It’s never too late to change your profession. But if you’ve been working for a long time, it might feel scary to start something new.

Sometimes, people might judge you because of your age when you’re looking for a job. This can happen to anyone, no matter how old they are. But it can feel worse as you get older. In a recent survey conducted by ResumeBuilder, 38% of hiring managers said they sometimes judge job applicants because of their age.

If you’re a senior professional thinking about changing careers, you might worry about competing with younger people. You might also wonder if employers will think you’re too experienced for the job.

Here are four things you can do to help you through the change.

Own your age Enthusiastically

Embrace your age with excitement. It’s a good thing! Show people why your age is valuable. Talk about your experience and skills. Explain what you want to do next in your career. 

If you’re not sure where to start, here’s a three-part structure you can adapt. First, briefly describe your career history and explain what you’re going to do next. Then, share two or three proof points that support your progress toward your career goal. Finally, outline the next step you’re working toward or opportunity you’re seeking. Here’s how that coaching client of mine put that structure into practice:

“ Following an extensive career in customer experience management I’m now building a career in UX design. In addition to pursuing an industry certification, I’ve completed over a dozen freelance UX design projects. I’m currently looking for a full-time role within the hospitality or leisure industry to leverage my in-depth customer analytics skills. “

When you’re enthusiastic about your journey, others will feel it too. They’ll see your passion in how you talk and act.

Identify multigenerational connections within your Network

When you’re starting a new career, it’s helpful to connect with people from different generations in your field. Talk to both Early- or mid-career professionals and those who’ve been around longer to get insights. You can learn about job trends, industry news, and workplace tips from them.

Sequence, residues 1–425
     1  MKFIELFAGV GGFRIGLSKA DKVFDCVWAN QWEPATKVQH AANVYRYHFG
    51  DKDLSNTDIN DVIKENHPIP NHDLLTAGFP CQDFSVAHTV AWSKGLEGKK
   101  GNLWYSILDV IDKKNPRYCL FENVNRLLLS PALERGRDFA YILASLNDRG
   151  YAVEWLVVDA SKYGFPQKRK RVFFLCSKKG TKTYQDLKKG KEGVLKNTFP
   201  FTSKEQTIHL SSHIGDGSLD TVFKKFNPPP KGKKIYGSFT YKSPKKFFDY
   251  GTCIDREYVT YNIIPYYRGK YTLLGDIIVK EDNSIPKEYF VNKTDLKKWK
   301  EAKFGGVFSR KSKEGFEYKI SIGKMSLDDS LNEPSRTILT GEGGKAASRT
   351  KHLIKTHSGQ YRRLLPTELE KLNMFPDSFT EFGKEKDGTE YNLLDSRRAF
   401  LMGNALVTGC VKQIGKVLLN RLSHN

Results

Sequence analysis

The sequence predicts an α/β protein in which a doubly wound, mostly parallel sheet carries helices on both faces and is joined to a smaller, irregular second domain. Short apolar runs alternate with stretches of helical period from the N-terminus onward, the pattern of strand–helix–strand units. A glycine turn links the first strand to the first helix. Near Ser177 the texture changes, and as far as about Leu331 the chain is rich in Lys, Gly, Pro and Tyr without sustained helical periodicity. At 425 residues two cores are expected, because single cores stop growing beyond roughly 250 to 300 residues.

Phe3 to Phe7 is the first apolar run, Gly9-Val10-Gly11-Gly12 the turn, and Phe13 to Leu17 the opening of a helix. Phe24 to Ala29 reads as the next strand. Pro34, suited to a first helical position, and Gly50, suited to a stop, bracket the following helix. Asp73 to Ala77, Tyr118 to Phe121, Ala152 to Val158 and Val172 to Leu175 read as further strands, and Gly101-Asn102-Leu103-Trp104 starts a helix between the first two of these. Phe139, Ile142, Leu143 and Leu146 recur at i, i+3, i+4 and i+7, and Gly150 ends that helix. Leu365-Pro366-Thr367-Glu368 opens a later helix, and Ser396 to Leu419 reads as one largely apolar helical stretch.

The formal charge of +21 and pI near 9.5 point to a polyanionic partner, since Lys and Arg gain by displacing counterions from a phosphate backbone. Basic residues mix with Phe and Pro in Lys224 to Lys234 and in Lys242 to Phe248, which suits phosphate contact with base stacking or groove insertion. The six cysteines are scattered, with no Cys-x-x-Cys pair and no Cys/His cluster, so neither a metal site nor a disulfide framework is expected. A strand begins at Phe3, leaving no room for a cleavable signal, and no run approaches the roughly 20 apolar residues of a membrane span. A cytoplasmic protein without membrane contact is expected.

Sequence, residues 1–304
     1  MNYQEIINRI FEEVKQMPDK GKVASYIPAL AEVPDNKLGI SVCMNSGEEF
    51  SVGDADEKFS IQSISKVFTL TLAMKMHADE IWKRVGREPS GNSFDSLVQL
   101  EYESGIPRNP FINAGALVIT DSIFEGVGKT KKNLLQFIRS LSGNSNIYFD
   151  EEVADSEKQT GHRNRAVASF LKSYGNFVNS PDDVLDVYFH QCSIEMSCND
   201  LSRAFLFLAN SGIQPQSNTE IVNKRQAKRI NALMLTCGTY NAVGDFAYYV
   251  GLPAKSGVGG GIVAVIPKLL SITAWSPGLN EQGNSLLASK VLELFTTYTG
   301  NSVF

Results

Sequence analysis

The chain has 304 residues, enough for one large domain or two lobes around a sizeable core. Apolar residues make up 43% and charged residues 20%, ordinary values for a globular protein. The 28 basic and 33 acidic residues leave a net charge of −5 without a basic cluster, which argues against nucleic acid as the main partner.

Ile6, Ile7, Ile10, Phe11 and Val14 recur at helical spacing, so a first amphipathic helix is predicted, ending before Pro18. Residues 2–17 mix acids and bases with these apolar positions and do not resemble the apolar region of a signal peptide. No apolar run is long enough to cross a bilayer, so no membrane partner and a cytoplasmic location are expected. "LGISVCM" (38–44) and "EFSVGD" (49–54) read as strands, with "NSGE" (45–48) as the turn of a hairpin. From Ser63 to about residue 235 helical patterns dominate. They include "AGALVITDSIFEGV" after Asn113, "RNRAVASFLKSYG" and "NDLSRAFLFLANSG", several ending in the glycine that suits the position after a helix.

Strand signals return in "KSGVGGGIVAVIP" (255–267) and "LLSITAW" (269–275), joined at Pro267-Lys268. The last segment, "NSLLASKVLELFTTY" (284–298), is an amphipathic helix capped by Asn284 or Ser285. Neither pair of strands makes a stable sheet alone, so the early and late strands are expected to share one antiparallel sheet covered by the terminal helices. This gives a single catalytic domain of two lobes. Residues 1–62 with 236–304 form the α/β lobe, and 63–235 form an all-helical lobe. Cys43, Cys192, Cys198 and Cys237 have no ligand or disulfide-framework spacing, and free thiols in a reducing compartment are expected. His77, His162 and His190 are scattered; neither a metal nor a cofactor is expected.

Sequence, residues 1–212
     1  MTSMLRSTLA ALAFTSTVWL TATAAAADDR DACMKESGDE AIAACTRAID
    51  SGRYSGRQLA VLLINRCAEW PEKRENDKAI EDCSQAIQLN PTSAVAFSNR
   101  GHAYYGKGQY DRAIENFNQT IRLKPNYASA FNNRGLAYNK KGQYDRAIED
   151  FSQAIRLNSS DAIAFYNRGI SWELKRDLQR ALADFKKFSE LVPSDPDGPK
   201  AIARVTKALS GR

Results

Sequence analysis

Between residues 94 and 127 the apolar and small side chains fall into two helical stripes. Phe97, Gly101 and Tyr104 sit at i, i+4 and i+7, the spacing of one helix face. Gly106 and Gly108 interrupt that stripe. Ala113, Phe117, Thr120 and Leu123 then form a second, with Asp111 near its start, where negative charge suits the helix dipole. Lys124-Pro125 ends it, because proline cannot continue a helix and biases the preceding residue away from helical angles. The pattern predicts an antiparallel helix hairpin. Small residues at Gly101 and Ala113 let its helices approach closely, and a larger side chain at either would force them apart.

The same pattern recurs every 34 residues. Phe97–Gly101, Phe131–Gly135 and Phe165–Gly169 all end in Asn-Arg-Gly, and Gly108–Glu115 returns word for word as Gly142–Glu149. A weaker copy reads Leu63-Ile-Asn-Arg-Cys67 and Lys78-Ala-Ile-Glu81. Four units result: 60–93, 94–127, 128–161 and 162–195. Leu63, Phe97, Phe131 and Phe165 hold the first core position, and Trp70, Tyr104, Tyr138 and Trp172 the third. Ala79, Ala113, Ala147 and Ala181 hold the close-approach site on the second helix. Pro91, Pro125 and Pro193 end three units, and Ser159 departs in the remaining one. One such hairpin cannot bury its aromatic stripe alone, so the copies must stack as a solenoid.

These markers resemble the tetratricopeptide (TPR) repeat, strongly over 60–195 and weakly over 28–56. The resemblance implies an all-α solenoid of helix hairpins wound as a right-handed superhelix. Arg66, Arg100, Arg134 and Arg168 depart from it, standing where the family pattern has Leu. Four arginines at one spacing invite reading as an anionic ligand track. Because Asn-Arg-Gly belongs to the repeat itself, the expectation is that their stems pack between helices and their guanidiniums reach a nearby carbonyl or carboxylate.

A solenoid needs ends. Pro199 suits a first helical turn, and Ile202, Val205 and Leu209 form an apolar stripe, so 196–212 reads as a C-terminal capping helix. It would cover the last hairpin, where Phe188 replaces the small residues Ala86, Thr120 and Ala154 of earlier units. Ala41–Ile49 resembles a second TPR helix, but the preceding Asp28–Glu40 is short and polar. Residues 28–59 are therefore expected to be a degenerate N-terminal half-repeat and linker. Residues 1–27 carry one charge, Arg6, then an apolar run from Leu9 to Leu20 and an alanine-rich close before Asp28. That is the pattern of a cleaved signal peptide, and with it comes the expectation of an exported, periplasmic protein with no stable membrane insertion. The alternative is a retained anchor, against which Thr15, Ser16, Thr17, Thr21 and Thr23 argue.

Even if you don’t know anyone yet, you can use social media to find professionals in your new field. Look for groups or pages related to your industry.

To meet people face-to-face, join local professional groups or go to industry events and conferences. You can also contact your old school’s alumni office to meet graduates who are now in your desired career.

Be prepared to 10X your Job Search

To find a job faster, think big and be ready to do a lot more than you expect. In “The 10X Rule” by Grant Cardone, he says aim for goals ten times bigger than you first think. So, if you think you need to apply to 20 jobs to get an interview, be ready to apply to 200.

This also means doing a lot more networking and reaching out to more people. Instead of just contacting a few, aim to connect with ten times as many. If you have five contacts, ask each of them to suggest a few more people you could talk to. Then, ask those new connections to do the same. This way, your network grows quickly, and you’re taking massive action to find a job.

Practice your answers to Tough Questions

Prepare for tough questions in job interviews. Think about difficult questions you might get asked and be ready to explain your career change confidently.

Start by practicing your response to the toughest question. For example, if you’re worried about age bias, you might be asked how your previous experience relates to the new role you’re applying for.

Make a list of ideas for your response. Include transferable skills, any education or training you’ve done, and examples of times when you learned new skills in your previous job.

Practice your response to tough questions, and consider recording yourself on video. This lets you see how you answer and how you come across. Look for signs of confidence or stress, and make sure you’re clear and concise.

Remember, interviews aren’t just about what you can do now. Employers want to see your potential to learn and grow.

Be prepared for setbacks during the job search process. For example, many job seekers have experienced being ignored by employers. Stay focused and determined, and don’t let setbacks derail you from your goals.

Feeling nervous about an interview? Remember, the hiring manager wouldn’t bother interviewing you if they didn’t think you could do the job. Don’t get upset if they ask about weaknesses on your resume. Instead, see it as a chance to explain more. Be proud of your career journey and all you’ve achieved. No one matches every requirement perfectly, and that’s okay. Your whole experience is valuable. Believe in yourself to forge a path forward that grows with you.

This article has been referenced for HBR. To read the complete article click here

About High Potential Career Planning:

An initiative of ACH, High Potential Career Planning (HPCP) is established with a mission to mentor professionals in their search for career development and growth. We provide personalized mentorship programs, which can help individuals have a fulfilling career.

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